• Register in the Spanish National Registry of Audiovisual Communication Service Providers.
  • Comply with the fundamental principles of audiovisual communication consisting of respect for human dignity, pluralism and gender equality, among others.
  • Do not encourage violence, hatred, discrimination or the commission of a terrorist offence through audiovisual content.
  • Adopt the necessary measures for the protection of minors in relation to content that may harm their physical, mental or moral development, such as providing information on the nature of the content (for example, through visual symbols or acoustic warnings) or providing parental control mechanisms, among others.
  • Respect the rules and prohibitions on the broadcasting of audiovisual commercial communications in the content they make available to the public in order to avoid covert or subliminal advertising with product placement, among others.

Penalties for non-compliance with these obligations can reach up to €1.5 million for the most serious infringements.

International regulatory framework

The exponential growth of social media and the influence that content creators exert on society have prompted a transformation in the regulatory framework that govern their actions globally.

On the other side of the Atlantic, the US has focused on transparency and disclosure of commercial relationships and, in this regard, the Federal Trade Commission has issued guidelines that impose on influencers the obligation to clearly disclose any compensation or commercial links when promoting third party products or services.

In the UK, the Advertising Standards Authority conducts regular reviews to ensure that influencers unambiguously state in their posts that they are advertising. It also maintains a public list of the names of those who do not comply with these obligations.

In June 2023, France passed influencer legislation aimed at regulating this activity. This legislation prohibits, among other things, the advertising of sweepstakes, betting and gambling by influencers on platforms that do not have mechanisms in place to prevent exposure to minors.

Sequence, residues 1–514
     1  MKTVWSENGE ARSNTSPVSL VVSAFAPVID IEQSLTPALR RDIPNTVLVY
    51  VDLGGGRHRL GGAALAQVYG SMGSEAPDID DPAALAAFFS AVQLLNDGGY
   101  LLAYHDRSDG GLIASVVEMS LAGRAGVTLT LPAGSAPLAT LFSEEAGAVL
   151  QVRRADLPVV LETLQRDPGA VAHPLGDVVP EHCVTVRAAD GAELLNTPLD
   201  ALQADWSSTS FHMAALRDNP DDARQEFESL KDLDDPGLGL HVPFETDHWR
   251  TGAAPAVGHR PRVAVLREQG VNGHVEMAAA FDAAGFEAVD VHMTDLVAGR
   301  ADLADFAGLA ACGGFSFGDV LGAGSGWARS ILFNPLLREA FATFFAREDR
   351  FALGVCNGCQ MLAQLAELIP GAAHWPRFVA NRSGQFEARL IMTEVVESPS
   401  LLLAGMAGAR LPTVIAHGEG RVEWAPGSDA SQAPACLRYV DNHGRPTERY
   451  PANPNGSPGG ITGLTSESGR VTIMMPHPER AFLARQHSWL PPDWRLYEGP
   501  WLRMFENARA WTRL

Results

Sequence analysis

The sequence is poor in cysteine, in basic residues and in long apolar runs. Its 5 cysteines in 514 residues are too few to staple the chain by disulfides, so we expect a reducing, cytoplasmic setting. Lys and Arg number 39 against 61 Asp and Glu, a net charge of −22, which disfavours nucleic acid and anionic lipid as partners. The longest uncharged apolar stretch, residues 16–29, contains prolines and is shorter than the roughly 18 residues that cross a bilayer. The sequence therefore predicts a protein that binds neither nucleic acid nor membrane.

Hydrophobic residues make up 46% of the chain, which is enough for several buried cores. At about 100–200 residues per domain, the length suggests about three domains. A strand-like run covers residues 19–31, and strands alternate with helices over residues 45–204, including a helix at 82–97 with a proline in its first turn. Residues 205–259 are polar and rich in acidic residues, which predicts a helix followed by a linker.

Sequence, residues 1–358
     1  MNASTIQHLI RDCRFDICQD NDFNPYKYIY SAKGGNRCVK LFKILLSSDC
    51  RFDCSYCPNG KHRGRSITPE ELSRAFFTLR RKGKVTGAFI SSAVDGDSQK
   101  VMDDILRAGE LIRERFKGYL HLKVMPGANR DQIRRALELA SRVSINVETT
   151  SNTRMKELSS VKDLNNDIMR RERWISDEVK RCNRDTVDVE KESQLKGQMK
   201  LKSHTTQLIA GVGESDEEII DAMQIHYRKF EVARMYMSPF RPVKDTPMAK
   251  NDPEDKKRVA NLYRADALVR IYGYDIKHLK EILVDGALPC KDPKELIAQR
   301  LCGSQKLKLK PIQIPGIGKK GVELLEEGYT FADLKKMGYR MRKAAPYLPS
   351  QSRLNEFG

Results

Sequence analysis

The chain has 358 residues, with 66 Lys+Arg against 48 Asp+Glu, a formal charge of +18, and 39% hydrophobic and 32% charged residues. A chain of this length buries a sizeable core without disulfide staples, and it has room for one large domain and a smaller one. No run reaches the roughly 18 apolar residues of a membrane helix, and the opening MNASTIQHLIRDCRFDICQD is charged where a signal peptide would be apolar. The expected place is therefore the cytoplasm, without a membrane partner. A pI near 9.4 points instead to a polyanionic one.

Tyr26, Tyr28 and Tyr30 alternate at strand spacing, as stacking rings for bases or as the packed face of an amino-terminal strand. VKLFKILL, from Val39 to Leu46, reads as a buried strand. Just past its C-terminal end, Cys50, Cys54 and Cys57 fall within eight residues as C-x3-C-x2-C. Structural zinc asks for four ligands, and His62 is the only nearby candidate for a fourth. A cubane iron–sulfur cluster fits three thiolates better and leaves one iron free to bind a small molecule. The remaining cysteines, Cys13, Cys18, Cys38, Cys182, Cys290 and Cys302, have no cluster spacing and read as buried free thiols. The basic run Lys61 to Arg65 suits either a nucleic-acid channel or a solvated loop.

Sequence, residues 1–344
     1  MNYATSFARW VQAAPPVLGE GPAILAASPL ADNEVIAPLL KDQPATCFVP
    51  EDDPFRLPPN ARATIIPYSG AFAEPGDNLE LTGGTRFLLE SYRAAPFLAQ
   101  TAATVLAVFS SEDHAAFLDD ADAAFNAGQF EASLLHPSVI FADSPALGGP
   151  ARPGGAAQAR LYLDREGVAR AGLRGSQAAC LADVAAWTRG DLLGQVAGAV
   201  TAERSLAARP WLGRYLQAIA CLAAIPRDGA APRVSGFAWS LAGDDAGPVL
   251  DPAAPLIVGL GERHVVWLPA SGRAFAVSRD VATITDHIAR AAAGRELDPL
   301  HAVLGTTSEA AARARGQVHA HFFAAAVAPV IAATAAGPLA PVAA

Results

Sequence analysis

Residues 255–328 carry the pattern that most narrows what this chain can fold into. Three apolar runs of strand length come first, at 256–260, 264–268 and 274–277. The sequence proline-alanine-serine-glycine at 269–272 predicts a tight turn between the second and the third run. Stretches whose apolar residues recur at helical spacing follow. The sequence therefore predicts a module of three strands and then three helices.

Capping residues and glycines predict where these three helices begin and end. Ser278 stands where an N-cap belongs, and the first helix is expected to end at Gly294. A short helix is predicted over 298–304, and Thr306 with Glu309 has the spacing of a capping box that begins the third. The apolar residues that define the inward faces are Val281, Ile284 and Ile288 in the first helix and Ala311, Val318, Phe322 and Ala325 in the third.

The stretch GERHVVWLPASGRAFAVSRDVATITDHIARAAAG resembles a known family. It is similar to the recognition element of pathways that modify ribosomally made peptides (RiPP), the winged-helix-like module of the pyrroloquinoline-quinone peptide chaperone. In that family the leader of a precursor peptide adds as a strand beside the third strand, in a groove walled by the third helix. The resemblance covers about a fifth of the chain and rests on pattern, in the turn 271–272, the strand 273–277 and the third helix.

In Italy, the Autorità per le Garanzie nelle Comunicazioni has approved several rules this January aimed at improving the transparency of social media posts by content creators with a significant online audience. The decision comes after Italy's antitrust agency fined influencer Chiara Ferragni, with almost 30 million followers on Instagram, more than €1 million for lack of clarity on a Christmas charity initiative.

Osborne Clarke comment

Despite the effort to implement measures to guarantee transparency and integrity in the practices of influencers, the reality is that, with the thresholds established in this draft royal decree, the number of influencers that comply with these specific requirements in Spain is limited.

Evidence of this is that Spain's Commercial Television Broadcasting Union has proposed in the public consultation process of this regulation to reduce these thresholds and that all users with at least 100,000 followers on all platforms and with a minimum annual turnover of €100,000, whether in cash or in kind, should be considered as users of special relevance.

In any case, this regulation, whose public hearing process ended on 20 December 2023, is still in the process of being drafted, so we will have to wait for the final version of the text to find out what the thresholds applicable to consider influencers as users of special relevance will be.


* This article is current as of the date of its publication and does not necessarily reflect the present state of the law or relevant regulation.